Machine Metal Magic, by Hanna Dare
Series: Mind + Machine, Book 1
Release Date: May 3, 2018
The galaxy’s a dangerous place. Best not to travel it alone.
It’s been over a century since the AIs rose up and attacked, driving humans from Earth and leaving them scattered across the galaxy. Humanity survives, but always fearful of the technology that allows them travel among the stars, never knowing when it may turn against them once more.
An interstellar fugitive.
For Jaime Bashir, born with the ability to communicate telepathically with computers, his gifts are more of a curse. They also make him a target. On the run, he finds himself among a starship crew, one transporting a mysterious cargo. Even more intriguing is Rylan, the muscled guard watching his every move. Jaime has no reason to trust him, but nowhere else to turn.
A disgraced ex-soldier.
Rylan Slate is looking to leave his past behind. Joining a crew of smugglers is one way to do it. But capturing Jaime is both an opportunity and a danger. He starts out as a prisoner, but then becomes something more, testing loyalties in ways Rylan never expected. Will regaining his honor mean betraying Jaime?
Bisexual and Gay Characters
Enemies to Lovers
Machine Metal Magic was my first book by Hanna Dare, and what a delightful, cheeky read it was. I mean, space wizards, y’all!
Okay, it was really just the one space wizard, but there was also an irreverent ship’s captain with the flair for the dramatics (think Jack Sparrow), his deadly but kind second-in-command (think Carol from The Walking Dead) and the badass female pilot who’s not-so-secretly in love with the ship’s computer (seriously, it was so sweet). Oh and let’s not forget the mysterious assassin who pops up out of nowhere in the middle of the book but still manages to steal the spotlight.
Anyway, enough about the kickass crew. I thought the story itself was exciting, smart and fresh. I liked the author’s approach to AI, merging machines with… well, magic. I thought the book was fast-paced with lots of twists (and that’s not even counting the big reveal in the final third). But I must say, what impressed me the most was the smooth and masterful worldbuilding with nary an info dump in sight. Through the author’s deft and vivid storytelling, I was able to follow along effortlessly and envision this future world quite clearly – be it in painting the big picture or describing alien worlds. And I didn’t get lost in any mechy-techy chatter throughout the book either, a definite plus.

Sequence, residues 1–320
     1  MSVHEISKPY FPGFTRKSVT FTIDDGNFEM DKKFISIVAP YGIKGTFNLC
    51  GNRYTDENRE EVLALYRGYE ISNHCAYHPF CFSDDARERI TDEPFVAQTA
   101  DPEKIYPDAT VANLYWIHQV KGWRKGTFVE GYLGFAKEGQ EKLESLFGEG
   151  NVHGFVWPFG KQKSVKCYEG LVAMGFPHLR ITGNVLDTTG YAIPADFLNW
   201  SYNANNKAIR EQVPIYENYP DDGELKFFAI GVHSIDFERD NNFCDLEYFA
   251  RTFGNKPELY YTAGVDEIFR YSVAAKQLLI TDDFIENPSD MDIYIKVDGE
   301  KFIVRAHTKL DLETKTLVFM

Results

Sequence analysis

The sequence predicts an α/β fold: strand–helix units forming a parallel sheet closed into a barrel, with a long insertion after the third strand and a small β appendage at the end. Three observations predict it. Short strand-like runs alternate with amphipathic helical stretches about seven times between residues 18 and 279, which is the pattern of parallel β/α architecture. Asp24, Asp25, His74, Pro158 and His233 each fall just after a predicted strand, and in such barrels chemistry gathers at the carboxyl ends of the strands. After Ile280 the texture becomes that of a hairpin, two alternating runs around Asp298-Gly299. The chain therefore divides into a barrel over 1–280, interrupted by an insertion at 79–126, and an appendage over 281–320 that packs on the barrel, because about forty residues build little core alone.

The heroes were very likeable, relatable and all-around standup fellows. This shouldn’t at all translate into boring because really, they were so darn cute together, but I do admit there were times they nearly faded into the background amidst all the excitement. However, they get all the points for inventive use of hands <cough!> and acrobat maneuvering in tight quarters, if you know what I mean. All in all, I absolutely adored them and would definitely love to see more of them in the future. I was super excited to note that this seems to be the start of an entire series.
Truly, the only negative thing I have to say about this book is that it could have used another round of edits to catch all the random missing words. The problem was noticeable but thankfully it did not take away from my overall enjoyment or comprehension of the text.
If you’re up for a brilliantly fun intergalactic caper with a a band of smugglers running from the authorities (or let’s face it, if you’re into the Star Wars franchise), I highly recommend Machine Metal Magic.
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This book was purchased by the reviewer.